Dell Computer Corp. (Nasdaq: DELL) was down 0.94 at 18.06 early Mondayfollowing reports that Bear Stearns cut estimates for the computer maker’s2001 and 2002 earnings.
The firm reportedly lowered its outlook for Dell’s 2001 earnings per share from 92 cents to 87 cents, and cut its forecast for 2002 earnings to 90cents per share from $1.05.
Dell reported third-quarter revenue of US$8.3 billion, up 22 percent from ayear earlier, but below the 40 to 50 percent growth rate seen in previousyears. Income rose to $674 million, or 25 cents per share, from $483million, or 18 cents.
Dell and its fellow computer manufacturers have warned that a slowdown in PCdemand will crimp earnings for the current quarter.
The Bear Stearns report comes on the heels of a similar one last week fromLehman Brothers, where analyst Dan Niles reportedly reduced his estimatesfor the company because of weak December PC demand.
Research firm PC Data said last week that December was a bad month for PC sales,which dropped 24 percent from a year earlier, marking the fifth consecutive monthof year-over-year declines in unit sales. For the year as a whole, PC sales were down 0.8 percent to 10.1 million units –the first annual decline ever recorded by the firm.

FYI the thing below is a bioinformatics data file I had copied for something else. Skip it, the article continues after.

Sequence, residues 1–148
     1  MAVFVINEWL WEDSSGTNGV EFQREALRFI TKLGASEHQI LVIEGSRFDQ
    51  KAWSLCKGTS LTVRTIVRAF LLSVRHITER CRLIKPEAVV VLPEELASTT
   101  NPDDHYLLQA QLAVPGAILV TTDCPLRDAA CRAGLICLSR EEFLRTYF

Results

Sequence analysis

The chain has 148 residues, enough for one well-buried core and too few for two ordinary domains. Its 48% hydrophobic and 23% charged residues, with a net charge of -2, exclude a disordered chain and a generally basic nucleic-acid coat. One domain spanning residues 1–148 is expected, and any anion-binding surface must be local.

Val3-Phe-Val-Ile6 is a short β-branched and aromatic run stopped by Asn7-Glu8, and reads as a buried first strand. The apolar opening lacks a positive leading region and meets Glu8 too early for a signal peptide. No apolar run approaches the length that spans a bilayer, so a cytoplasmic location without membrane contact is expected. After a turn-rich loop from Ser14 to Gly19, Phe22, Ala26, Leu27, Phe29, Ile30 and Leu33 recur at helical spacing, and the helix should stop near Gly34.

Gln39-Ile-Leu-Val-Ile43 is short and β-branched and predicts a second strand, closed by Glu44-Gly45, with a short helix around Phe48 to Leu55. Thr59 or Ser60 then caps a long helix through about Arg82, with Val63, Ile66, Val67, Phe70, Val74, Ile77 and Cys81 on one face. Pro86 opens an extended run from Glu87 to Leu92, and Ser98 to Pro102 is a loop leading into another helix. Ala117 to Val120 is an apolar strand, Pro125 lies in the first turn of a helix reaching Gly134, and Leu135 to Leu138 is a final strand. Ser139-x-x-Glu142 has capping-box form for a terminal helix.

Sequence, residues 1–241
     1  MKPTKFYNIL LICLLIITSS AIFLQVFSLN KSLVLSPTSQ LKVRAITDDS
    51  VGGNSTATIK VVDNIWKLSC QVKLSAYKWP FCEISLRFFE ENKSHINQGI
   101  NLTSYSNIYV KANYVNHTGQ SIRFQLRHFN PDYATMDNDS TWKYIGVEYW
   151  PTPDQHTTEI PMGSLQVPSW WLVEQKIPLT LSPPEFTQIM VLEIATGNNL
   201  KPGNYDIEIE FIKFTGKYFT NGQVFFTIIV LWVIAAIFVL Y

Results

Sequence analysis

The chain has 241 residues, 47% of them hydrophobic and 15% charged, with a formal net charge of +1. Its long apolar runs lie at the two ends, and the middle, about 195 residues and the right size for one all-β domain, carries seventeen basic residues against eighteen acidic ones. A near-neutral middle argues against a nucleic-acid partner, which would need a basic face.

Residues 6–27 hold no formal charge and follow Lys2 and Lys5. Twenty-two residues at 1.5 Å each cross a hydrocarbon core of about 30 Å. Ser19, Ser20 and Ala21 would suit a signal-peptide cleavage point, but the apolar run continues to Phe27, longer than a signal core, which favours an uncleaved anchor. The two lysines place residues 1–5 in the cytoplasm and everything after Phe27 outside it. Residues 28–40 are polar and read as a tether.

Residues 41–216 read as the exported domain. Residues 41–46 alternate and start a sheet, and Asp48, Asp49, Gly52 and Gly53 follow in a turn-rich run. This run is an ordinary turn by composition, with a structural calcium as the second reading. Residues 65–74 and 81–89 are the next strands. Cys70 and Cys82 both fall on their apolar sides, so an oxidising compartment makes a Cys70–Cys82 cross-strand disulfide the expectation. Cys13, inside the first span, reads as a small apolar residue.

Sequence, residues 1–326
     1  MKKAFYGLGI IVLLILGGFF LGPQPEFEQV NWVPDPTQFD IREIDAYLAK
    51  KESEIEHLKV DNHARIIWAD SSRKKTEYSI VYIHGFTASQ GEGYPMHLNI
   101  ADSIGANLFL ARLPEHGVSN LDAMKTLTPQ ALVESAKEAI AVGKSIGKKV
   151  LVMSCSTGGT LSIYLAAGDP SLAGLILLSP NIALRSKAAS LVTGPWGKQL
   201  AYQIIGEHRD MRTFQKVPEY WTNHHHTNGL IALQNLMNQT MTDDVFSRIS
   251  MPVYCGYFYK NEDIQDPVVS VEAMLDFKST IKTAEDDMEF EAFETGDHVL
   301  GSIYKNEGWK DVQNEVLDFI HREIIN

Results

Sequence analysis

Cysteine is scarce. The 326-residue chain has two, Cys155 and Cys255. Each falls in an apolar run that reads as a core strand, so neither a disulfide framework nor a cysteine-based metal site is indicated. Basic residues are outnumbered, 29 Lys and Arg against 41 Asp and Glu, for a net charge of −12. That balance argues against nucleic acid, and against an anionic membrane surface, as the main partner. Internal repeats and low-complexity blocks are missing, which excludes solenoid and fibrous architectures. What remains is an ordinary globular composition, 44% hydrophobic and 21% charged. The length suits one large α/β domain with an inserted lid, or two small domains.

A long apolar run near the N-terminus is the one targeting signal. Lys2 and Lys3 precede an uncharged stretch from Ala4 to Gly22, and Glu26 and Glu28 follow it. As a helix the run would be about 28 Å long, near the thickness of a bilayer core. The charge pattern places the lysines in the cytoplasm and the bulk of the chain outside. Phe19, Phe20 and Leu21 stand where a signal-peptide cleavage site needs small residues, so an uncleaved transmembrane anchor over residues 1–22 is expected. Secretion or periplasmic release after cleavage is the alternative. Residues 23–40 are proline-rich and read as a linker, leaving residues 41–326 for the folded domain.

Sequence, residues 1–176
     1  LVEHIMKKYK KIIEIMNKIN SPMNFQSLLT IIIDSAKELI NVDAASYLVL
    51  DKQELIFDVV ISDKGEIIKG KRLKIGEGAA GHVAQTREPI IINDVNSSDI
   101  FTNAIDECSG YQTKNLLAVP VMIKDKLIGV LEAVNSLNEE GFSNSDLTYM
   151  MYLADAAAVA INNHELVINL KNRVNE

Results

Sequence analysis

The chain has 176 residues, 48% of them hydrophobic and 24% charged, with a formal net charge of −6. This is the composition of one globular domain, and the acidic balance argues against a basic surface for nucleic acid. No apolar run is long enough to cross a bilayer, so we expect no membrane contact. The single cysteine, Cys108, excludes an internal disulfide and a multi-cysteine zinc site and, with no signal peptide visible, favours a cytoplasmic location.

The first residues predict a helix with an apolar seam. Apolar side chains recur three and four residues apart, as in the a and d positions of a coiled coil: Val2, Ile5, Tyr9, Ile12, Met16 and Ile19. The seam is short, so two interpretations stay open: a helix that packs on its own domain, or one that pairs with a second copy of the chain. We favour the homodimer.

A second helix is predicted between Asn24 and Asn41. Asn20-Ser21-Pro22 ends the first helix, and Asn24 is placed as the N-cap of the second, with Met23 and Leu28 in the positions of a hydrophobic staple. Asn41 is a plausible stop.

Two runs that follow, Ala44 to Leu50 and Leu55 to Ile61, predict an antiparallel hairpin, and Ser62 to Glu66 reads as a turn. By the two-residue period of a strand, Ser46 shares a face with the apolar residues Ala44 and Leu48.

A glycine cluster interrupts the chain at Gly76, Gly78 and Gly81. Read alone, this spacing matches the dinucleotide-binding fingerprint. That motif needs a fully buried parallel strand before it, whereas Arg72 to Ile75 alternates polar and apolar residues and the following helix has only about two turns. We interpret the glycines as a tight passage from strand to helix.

December retail PC revenue fell almost 30 percent from a year earlier to $855 million, PC Data said.
According to PC Data, one reason for the decline was the absence of Internet serviceprovider rebate programs, which boosted sales in 1999. In addition, the slowdown in the economy hurt PC sales. The firm also cited “slightly higher” PC prices and “the lackof a compelling upgrade rationale for the millions of consumers whopurchased PCs over the last two years” as reasons for the decline.